Certainly, a system with increasing T and decreasing potential energy is
 not at equilibrium, but obviously still relaxing.  Depending on the
 magnitude of the drift and the analysis, the results may be misleading.
 	Some additional notes about CHARMM usage--
 NPT ensemble may be better, at least for equilibration after heating; a
 symmetric lattice such as cubic, truncated octahedron, or rhombic
 dodecahedron is usually appropriate for a solvated protein.
 I've observed quicker equilibration with velocity assignment (as opposed
 to velocity scaling).
 I guess it depends on your projects-- most of my CHARMM simulations
 start with coordinates from an extensive model building procedure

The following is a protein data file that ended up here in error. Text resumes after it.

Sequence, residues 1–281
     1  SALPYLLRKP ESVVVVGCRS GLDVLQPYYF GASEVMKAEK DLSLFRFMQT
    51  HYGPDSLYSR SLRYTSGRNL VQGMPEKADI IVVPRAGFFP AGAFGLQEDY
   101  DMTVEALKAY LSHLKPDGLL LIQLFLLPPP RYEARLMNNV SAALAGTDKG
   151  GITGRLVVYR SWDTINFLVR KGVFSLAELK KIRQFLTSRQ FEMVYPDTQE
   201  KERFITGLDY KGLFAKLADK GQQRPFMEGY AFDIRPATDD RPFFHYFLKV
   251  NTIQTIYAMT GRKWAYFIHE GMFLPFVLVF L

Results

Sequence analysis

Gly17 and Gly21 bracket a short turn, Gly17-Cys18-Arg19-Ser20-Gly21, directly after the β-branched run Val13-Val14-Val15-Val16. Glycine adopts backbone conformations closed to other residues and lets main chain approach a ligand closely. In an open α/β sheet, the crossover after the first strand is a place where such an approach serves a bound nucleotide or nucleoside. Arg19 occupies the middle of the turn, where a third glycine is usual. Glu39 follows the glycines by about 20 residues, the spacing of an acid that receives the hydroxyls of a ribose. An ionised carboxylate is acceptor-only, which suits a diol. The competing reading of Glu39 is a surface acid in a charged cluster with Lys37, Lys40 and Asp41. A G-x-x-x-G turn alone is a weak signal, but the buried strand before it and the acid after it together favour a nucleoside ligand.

On Sat, 3 Jan 2004, Wei Shi wrote:
 > I have one question for CHARMm about equilibration. Generally, the
 > calculation is started from the X ray structure, then heating,
 > equilibrating by velocity scale, and lastly production run without
 > velocity scale in the NVE MD simulation. However, I found that many of
 > the authors do not check the system to make sure it has been
 > equilibrated before they take the production run. Fro example, Some
 > authors observe the temperature is increasing with the potential
 > energy drifting down in the production run. However, they still do the
 > analysis. Is that a problem?
 Rick Venable           29/500
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 "Don't blame me, I voted for Kang."